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  • Research Article
  • Open Access

On The Frobenius Condition Number of Positive Definite Matrices

Journal of Inequalities and Applications20102010:897279

https://doi.org/10.1155/2010/897279

  • Received: 19 February 2010
  • Accepted: 15 June 2010
  • Published:

Abstract

We present some lower bounds for the Frobenius condition number of a positive definite matrix depending on trace, determinant, and Frobenius norm of a positive definite matrix and compare these results with other results. Also, we give a relation for the cosine of the angle between two given real matrices.

Keywords

  • Condition Number
  • Positive Real Number
  • Product Space
  • Diagonal Entry
  • Positive Semidefinite

1. Introduction and Preliminaries

The quantity
(1.1)

is called the condition number for matrix inversion with respect to the matrix norm . Notice that for any matrix norm (see, e.g., [1, page 336]). The condition number of a nonsingular matrix plays an important role in the numerical solution of linear systems since it measures the sensitivity of the solution of linear systems to the perturbations on and . There are several methods that allow to find good approximations of the condition number of a general square matrix.

Let and be the space of complex and real matrices, respectively. The identity matrix in is denoted by . A matrix is Hermitian if , where denotes the conjugate transpose of . A Hermitian matrix is said to be positive semidefinite or nonnegative definite, written as , if (see, e. g., [2], p.159)
(1.2)

is further called positive definite, symbolized , if the strict inequality in (1.2) holds for all nonzero . An equivalent condition for to be positive definite is that is Hermitian and all eigenvalues of are positive real numbers.

The trace of a square matrix (the sum of its main diagonal entries, or, equivalently, the sum of its eigenvalues) is denoted by . Let be any matrix. The Frobenius (Euclidean) norm of matrix is
(1.3)
It is also equal to the square root of the matrix trace of , that is,
(1.4)
The Frobenius condition number is defined by . In the Frobenius inner product is defined by
(1.5)
for which we have the associated norm that satisfies . The Frobenius inner product allows us to define the cosine of the angle between two given real matrices as
(1.6)

The cosine of the angle between two real matrices depends on the Frobenius inner product and the Frobenius norms of given matrices. Then, the inequalities in inner product spaces are expandable to matrices by using the inner product between two matrices.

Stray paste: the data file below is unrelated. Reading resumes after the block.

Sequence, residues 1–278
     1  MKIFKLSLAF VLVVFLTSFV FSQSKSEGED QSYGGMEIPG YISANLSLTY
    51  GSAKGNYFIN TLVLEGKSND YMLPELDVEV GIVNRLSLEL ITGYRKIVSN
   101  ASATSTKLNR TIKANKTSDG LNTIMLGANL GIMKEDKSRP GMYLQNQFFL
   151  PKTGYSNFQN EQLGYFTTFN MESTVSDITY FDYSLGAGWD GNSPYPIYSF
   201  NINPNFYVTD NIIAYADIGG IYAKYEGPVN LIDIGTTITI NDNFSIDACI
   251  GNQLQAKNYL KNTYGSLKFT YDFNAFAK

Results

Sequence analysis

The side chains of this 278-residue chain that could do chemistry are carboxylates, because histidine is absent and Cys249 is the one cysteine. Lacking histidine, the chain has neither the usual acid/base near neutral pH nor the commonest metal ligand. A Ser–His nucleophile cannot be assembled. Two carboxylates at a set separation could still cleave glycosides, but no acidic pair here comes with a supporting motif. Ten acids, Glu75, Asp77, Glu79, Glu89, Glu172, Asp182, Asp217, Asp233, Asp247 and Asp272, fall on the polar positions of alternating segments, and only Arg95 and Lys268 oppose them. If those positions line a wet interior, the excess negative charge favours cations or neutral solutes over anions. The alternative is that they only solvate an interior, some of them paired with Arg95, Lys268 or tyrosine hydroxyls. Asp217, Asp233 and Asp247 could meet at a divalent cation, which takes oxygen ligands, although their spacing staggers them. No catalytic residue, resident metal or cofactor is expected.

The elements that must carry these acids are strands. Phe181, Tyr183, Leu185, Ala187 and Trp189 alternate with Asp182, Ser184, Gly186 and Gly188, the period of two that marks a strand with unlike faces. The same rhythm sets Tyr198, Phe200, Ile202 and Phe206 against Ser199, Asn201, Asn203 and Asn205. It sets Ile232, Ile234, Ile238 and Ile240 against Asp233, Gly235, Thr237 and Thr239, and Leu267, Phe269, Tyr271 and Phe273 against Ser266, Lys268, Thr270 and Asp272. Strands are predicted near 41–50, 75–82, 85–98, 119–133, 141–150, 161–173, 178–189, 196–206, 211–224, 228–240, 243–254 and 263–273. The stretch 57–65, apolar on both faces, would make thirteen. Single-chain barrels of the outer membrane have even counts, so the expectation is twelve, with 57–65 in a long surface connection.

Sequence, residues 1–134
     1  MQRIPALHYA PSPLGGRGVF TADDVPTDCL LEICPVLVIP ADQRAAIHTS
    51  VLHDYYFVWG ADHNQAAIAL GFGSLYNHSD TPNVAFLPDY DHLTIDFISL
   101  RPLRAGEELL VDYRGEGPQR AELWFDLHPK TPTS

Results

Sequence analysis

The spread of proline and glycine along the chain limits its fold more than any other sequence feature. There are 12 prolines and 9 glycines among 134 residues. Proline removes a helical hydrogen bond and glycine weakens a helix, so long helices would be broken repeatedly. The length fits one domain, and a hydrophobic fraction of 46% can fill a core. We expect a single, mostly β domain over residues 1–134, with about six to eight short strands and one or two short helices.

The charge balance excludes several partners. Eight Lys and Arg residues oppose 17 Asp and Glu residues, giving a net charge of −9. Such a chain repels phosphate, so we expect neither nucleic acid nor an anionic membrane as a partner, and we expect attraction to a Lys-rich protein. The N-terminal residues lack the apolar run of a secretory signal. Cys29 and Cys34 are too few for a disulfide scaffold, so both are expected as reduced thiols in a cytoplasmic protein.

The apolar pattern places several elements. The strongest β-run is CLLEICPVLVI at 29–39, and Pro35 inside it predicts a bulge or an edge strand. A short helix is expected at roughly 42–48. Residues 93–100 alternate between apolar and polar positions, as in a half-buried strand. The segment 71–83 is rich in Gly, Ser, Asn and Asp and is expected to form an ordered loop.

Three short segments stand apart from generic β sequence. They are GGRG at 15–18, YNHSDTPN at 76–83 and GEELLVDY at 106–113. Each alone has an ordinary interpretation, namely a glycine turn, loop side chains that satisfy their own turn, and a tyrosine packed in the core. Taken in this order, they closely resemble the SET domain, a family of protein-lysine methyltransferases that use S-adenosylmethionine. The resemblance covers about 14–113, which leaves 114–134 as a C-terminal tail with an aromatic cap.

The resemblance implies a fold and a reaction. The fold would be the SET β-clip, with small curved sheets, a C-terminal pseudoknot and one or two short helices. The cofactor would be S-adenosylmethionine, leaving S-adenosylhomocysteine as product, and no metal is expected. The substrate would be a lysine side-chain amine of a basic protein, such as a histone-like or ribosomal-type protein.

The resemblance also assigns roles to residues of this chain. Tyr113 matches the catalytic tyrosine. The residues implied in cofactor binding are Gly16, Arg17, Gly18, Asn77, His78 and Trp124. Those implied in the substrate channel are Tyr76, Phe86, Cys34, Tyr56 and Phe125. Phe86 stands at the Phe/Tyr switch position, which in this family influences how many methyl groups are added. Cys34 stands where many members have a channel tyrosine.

Buzano in [3] obtained the following extension of the celebrated Schwarz inequality in a real or complex inner product space :
(1.7)
for any . It is clear that for , the above inequality becomes the standard Schwarz inequality
(1.8)
with equality if and only if there exists a scalar ( or ) such that . Also Dragomir in [4] has stated the following inequality:
(1.9)
where . Furthermore, Dragomir [4] has given the following inequality, which is mentioned by Precupanu in [5], has been showed independently of Buzano, by Richard in [6]:
(1.10)

As a consequence, in next section, we give some bounds for the Frobenius condition numbers and the cosine of the angle between two positive definite matrices by considering inequalities given for inner product space in this section.

2. Main Results

Theorem 2.1.

Let be positive definite real matrix. Then
(2.1)

where is the Frobenius condition number.

Proof.

We can extend inequality (1.9) given in the previous section to matrices by using the Frobenius inner product as follows: Let . Then we write
(2.2)
where and denotes the Frobenius norm of matrix. Then we get
(2.3)
In particular, in inequality (2.3), if we take , then we have
(2.4)
Also, if and are positive definite real matrices, then we get
(2.5)

where is the Frobenius condition number of .

Note that Dannan in [7] has showed the following inequality by using the well known arithmetic-geometric inequality, for -square positive definite matrices and :
(2.6)
where is a positive integer. If we take , , and in (2.6), then we get
(2.7)
That is,
(2.8)
In particular, if we take in (2.5) and (2.8), then we arrive at
(2.9)
Also, from the well-known Cauchy-Schwarz inequality, since , one can obtain
(2.10)
Furthermore, from arithmetic-geometric means inequality, we know that